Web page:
Linked by Thom Holwerda on Thu 7th Mar 2013 20:47 UTC
Legal "Google and MPEG LA announced today that they have entered into agreements granting Google a license to techniques that may be essential to VP8 and earlier-generation VPx video compression technologies under patents owned by 11 patent holders. The agreements also grant Google the right to sublicense those techniques to any user of VP8, whether the VP8 implementation is by Google or another entity. It further provides for sublicensing those VP8 techniques in one next-generation VPx video codec. As a result of the agreements, MPEG LA will discontinue its effort to form a VP8 patent pool." The word that stood out to me: the auxiliary verb 'may', which has a rather low epistemic modality. To me, this indicates that this is not so much a clear-cut case of VP8 infringing upon patents, but more a precautionary move on Google's part.
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RE[6]: Comment by Nelson
by Nelson on Thu 7th Mar 2013 23:04 UTC in reply to "RE[5]: Comment by Nelson"
Nelson
Member since:
2005-11-29

Parsing the words of a PR press release to try to play a semantics game.

Everyone else in this thread has their own rationale for how this is somehow good for Google, but you have by far the funniest.

Reply Parent Score: 3

RE[7]: Comment by Nelson
by Thom_Holwerda on Thu 7th Mar 2013 23:11 in reply to "RE[6]: Comment by Nelson"
Thom_Holwerda Member since:
2005-06-29

There you go again, putting words in my mouth I have never said. I thought we went over this.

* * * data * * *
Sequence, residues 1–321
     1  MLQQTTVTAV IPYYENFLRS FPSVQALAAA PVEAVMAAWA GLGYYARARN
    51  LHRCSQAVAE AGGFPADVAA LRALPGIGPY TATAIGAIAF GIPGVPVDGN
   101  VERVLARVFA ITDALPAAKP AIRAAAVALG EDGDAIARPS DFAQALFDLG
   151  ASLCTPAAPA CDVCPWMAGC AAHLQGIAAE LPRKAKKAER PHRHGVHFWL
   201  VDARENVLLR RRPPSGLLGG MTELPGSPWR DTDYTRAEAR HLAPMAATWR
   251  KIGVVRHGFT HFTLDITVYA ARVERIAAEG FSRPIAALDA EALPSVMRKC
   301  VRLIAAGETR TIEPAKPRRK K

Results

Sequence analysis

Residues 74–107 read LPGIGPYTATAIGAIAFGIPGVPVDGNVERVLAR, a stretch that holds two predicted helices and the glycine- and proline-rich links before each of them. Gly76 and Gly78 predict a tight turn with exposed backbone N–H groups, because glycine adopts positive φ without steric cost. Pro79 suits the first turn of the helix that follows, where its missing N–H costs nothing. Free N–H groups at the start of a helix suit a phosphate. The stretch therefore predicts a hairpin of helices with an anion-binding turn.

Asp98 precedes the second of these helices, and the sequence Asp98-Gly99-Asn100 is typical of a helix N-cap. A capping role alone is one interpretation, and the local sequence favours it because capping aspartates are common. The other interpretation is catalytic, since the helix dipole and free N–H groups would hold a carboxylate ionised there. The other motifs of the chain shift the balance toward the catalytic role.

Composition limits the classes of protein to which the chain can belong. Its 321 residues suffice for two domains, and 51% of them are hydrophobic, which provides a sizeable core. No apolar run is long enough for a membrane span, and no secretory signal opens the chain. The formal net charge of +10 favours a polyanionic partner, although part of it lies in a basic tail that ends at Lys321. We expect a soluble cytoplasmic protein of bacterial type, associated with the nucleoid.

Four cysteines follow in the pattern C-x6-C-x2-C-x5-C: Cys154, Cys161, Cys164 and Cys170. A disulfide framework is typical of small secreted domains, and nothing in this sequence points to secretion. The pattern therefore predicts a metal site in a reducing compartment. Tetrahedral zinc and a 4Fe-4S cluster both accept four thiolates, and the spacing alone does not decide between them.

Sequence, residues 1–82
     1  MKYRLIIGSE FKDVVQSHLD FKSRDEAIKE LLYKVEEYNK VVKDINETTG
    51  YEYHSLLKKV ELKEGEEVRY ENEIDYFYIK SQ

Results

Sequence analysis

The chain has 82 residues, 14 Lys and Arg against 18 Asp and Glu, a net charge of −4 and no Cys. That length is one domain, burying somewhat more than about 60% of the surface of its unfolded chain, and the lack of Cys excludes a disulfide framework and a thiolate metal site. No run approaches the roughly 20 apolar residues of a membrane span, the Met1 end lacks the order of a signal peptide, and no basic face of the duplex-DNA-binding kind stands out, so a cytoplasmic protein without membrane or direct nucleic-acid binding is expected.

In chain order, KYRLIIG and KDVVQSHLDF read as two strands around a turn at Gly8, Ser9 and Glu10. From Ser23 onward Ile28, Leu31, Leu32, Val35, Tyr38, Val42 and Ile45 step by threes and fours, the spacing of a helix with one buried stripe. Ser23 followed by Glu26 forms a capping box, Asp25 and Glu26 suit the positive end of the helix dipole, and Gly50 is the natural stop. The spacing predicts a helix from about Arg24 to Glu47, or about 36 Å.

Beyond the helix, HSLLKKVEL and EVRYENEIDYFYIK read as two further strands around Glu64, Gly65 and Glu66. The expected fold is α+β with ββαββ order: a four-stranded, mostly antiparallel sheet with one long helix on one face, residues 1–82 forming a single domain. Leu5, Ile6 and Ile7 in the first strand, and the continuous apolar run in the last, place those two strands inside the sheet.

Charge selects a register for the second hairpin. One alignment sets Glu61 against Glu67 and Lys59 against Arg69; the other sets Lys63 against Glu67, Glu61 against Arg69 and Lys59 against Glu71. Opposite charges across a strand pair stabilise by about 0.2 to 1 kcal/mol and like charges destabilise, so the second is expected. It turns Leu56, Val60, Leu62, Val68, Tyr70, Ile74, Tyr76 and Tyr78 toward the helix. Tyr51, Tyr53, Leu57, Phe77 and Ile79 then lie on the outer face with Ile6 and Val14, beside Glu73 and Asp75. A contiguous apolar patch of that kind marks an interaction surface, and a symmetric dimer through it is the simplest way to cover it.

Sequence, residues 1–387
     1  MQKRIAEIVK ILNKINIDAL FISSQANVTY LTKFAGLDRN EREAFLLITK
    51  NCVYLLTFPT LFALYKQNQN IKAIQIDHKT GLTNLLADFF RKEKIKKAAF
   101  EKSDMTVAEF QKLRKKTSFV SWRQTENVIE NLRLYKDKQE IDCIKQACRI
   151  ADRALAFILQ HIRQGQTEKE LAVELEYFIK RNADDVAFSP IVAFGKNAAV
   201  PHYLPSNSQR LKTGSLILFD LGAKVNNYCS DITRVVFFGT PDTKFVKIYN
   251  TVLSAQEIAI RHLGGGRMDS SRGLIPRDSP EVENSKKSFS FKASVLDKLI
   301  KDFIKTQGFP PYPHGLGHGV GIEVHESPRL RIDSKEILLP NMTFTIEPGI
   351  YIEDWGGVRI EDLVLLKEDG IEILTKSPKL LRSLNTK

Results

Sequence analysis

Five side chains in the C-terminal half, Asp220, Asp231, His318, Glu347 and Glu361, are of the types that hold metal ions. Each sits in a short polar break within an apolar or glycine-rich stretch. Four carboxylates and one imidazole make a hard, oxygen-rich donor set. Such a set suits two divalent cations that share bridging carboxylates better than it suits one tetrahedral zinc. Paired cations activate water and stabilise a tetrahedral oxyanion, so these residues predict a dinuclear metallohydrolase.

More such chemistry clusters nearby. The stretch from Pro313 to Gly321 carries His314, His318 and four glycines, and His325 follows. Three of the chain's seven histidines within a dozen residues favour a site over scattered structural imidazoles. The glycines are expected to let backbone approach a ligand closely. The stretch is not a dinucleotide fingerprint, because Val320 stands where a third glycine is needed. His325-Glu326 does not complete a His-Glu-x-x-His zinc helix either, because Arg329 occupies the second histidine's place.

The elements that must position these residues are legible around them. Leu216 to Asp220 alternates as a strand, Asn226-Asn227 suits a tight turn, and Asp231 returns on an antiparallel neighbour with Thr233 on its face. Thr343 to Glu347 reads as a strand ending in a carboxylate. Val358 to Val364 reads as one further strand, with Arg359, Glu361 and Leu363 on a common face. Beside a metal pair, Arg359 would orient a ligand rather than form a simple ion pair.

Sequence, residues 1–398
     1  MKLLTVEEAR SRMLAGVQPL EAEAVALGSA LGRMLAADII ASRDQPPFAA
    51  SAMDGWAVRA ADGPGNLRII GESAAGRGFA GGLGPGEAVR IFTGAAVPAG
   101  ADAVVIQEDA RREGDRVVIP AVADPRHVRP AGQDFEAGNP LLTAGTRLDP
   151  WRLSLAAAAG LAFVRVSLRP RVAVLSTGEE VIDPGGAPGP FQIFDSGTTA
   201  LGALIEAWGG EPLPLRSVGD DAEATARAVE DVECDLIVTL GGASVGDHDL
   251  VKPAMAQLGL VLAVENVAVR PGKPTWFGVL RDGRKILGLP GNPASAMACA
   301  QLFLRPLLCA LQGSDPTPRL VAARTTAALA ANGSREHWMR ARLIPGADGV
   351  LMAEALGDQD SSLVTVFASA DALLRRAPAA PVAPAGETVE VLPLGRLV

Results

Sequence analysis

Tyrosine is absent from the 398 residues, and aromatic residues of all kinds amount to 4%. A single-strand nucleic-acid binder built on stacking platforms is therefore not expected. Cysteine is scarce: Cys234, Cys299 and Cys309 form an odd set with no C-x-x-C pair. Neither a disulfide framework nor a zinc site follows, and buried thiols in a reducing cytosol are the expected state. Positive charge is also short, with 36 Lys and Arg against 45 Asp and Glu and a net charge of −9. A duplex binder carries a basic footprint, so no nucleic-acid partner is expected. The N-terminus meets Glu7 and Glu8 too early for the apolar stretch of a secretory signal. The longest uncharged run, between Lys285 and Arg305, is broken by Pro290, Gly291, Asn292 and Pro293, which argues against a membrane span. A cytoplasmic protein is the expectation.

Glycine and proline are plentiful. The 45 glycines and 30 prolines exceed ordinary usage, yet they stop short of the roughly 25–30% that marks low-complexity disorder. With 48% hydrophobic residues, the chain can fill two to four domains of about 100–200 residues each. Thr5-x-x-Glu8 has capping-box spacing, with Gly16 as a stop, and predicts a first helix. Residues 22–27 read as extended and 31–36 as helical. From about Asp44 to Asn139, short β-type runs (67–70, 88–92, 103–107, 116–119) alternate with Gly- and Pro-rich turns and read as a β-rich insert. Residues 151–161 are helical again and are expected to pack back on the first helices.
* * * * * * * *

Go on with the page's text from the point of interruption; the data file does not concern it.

I never said anything about this being good for Google, so please do not lie about me having done so.

Reply Parent Score: 2

RE[8]: Comment by Nelson
by Nelson on Fri 8th Mar 2013 02:21 in reply to "RE[7]: Comment by Nelson"
Nelson Member since:
2005-11-29

No, of course not. You're not doing mental gymnastics. Not at all.

Google is very clearly trying to save face, and here you are, towing the line.

If Google thought with any serious credibility that they could dismantle the MPEG LA, they'd go for it. They can't, so they sat down and took a license.

The fact is that VP8 was erroneously paraded around as patent unencumbered, this isn't the case, made obvious by the royalty bearing license Google just took.

I don't mind a discussion about the technical merits of VP8 and H264, and I don't care what Google does with its videos on YouTube, but Google was always being dishonest about the situation regarding patents and VP8.

I'm waiting for the blockbuster Microsoft-Motorola patent deal and how you'll try to spin that as well.

Reply Parent Score: 3